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IBM Launches A E-Health System In Ghana, Morocco & Kenya

by Felix Omondi

IBM Launches A E-Health System In Ghana, Morocco & Kenya

IBM has launched a secure, intelligent and effective eHealth System in Ghana, Morocco and Kenya. The eHealth System will be used for storing, analyzing and accessing health information in a digital cloud built on the IBM Mainframe.

The initiative will enable reliable, deep analysis and mobile access to critical public health insights. The continuing work on this project will be taken up by the IBM Research – Africa lab’s Mainframe computer in liaison with the Israel-based IBM Research facility established in Haifa. The goal of the initiative is to improve critical public health and staff development in Ghana, Morocco and Kenya.

IBM has also deployed its own 42 specialists who have been working with both national and local agencies on the blueprints for embracing cutting edge methodologies that will streamline and automate their operations at both the local and national levels.

In Ghana, the specialist helped the Ghanaian health officers analyze health data stored in the digital cloud and came up with healthcare policies and a framework for executing these policies. The target being, allocating more resources to fight against Ghana’s high rate of mother-to-child HIV infection, and reduce it to 5% by the year 2018 and to a further 1% by 2020.

Currently, Ghana’s HIV testing for expecting mothers is deferred since there is no public awareness for mothers to go for tests, those who go the test are not well served due to limited access to the diagnostic tests, and there is a cultural stigmatization on the HIV patients. However, IBM in partnership with the Yale University and the One Campaign, are working on creating awareness on the disease at the national, district and community levels.

In Morocco, IBM is working with Ibn Rochd Hospital to come up with a system that will ensure patients get the right medicines at the right time. IBM specialists in the country have recommended that the hospital adopts the “business process management” into its pharmacy operations. A philosophy is currently being used by many successful for-profit commercial organizations.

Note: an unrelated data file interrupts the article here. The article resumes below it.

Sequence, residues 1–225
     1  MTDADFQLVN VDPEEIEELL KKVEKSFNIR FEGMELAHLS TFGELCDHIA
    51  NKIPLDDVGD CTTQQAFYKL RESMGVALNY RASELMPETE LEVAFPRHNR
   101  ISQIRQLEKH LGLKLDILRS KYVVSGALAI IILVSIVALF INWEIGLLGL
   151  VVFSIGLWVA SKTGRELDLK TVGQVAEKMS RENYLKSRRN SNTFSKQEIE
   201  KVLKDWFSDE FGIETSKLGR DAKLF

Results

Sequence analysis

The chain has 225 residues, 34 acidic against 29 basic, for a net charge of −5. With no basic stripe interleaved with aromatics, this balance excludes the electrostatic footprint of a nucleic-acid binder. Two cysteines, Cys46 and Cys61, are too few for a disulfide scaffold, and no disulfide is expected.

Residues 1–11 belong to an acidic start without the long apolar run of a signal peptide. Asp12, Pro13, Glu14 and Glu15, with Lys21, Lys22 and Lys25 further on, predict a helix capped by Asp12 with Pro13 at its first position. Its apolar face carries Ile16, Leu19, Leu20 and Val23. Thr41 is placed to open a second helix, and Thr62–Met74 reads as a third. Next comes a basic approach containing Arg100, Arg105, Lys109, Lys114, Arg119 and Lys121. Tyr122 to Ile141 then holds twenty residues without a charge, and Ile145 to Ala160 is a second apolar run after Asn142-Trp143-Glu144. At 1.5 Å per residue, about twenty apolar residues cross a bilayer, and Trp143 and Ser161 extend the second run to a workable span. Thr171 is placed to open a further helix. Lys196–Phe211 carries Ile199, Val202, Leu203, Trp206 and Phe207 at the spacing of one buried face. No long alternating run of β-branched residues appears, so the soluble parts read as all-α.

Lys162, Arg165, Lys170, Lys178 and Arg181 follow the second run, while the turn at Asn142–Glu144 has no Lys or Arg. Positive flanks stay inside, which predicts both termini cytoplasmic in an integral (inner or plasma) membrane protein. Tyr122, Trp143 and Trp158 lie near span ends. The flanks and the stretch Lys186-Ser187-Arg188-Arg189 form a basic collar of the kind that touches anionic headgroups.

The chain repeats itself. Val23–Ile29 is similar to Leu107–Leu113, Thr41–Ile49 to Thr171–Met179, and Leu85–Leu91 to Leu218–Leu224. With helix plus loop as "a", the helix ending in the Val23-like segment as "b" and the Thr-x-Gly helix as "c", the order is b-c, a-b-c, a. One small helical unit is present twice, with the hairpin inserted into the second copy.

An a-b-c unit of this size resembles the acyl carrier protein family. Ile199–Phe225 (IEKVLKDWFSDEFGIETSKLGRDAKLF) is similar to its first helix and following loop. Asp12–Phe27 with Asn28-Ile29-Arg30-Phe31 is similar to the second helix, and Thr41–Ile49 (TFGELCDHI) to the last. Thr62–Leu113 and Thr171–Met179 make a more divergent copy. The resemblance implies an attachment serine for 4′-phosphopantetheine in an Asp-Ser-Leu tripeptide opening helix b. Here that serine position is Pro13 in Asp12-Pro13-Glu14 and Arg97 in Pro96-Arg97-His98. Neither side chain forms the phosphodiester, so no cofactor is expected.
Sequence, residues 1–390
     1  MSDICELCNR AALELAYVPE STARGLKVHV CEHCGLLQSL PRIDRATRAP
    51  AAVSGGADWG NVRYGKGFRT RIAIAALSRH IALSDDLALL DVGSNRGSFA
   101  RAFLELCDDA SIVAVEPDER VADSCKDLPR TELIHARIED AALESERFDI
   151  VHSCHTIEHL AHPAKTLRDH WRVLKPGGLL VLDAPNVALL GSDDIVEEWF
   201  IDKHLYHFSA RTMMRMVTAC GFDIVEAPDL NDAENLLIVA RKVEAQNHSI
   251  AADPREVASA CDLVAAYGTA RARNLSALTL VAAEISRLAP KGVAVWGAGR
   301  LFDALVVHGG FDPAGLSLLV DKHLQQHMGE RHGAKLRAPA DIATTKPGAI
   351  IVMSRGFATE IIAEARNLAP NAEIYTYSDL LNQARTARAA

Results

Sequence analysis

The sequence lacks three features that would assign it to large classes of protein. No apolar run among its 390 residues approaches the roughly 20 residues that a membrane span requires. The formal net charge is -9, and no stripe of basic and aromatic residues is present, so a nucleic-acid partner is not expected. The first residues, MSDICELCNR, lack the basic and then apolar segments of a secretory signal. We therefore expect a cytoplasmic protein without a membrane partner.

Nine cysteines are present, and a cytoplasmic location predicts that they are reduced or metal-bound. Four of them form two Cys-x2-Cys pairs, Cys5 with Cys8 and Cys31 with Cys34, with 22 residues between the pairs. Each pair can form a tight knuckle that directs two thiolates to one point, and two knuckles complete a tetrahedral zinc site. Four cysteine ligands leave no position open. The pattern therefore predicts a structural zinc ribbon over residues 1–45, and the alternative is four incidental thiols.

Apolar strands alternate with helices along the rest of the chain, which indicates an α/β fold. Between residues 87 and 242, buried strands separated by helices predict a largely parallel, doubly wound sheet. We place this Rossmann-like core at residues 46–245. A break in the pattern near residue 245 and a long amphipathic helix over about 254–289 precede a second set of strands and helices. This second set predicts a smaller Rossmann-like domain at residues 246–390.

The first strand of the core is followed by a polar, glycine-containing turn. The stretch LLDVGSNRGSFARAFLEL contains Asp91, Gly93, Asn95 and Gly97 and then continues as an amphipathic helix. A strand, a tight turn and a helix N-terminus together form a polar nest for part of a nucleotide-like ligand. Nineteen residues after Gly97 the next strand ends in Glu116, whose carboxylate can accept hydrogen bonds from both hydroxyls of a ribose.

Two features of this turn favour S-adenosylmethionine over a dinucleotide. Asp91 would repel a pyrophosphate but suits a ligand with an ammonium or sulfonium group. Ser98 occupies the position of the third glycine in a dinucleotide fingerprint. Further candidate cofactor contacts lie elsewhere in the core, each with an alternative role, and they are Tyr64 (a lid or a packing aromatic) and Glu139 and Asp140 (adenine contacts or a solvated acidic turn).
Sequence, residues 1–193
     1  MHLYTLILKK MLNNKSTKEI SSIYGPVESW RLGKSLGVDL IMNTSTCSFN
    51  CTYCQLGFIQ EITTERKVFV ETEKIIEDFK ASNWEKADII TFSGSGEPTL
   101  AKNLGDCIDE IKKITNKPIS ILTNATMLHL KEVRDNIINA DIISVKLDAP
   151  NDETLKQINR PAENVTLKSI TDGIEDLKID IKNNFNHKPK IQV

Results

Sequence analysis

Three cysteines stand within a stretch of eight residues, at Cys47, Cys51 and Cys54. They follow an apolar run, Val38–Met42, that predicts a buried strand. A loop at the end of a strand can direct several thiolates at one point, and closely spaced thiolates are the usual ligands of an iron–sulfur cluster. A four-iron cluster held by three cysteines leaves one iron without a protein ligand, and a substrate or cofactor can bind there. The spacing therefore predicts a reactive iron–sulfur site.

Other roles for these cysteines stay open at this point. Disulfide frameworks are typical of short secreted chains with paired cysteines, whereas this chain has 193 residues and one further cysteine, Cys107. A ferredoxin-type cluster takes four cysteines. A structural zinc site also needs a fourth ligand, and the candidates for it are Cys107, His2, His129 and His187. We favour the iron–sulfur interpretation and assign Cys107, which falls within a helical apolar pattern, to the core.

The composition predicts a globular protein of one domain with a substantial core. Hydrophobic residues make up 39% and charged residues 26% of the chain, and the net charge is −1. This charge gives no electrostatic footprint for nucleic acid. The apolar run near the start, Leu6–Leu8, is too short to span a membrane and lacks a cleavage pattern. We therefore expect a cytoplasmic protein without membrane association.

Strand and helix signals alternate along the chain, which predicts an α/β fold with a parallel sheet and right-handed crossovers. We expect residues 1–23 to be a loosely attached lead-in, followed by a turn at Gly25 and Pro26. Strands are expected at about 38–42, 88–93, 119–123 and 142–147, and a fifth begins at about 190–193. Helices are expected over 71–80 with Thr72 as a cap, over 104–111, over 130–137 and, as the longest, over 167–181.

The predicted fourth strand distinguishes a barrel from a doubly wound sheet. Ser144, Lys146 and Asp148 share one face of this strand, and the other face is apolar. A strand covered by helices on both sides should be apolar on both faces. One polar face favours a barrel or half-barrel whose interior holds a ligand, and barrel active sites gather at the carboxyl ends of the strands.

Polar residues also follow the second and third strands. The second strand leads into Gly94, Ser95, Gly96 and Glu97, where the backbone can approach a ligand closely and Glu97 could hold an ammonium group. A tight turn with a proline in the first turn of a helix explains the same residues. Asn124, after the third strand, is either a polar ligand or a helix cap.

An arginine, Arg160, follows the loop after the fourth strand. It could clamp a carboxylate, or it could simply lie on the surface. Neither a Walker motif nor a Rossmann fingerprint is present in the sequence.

While the Moroccan Association for Fight against AIDS has proposed a centralized process of storing, sharing and quickly analyzing large amounts of data. IBM has also proposed the adoption of social media to widen the stakeholders’ engagement and education.

Meanwhile, in Kenya, more than 50 students and software developers have been undergoing training at the Strathmore University’s iLab Africa where they are learning the latest software app developments, product development, project management and commercialization skills that will enable the youths to get employment through IBM’s Africa Skills Initiative.

At the iLab Africa, the youth are exposed to cloud, big data analysis and mobile computing skills. In addition to this, they get training on developing mobile apps on the IBM Bluemix that will address real-life challenges unique to Africa’s agriculture, micro-finance, security and vehicular traffic. They are also being introduced into the “Internet of Things”.

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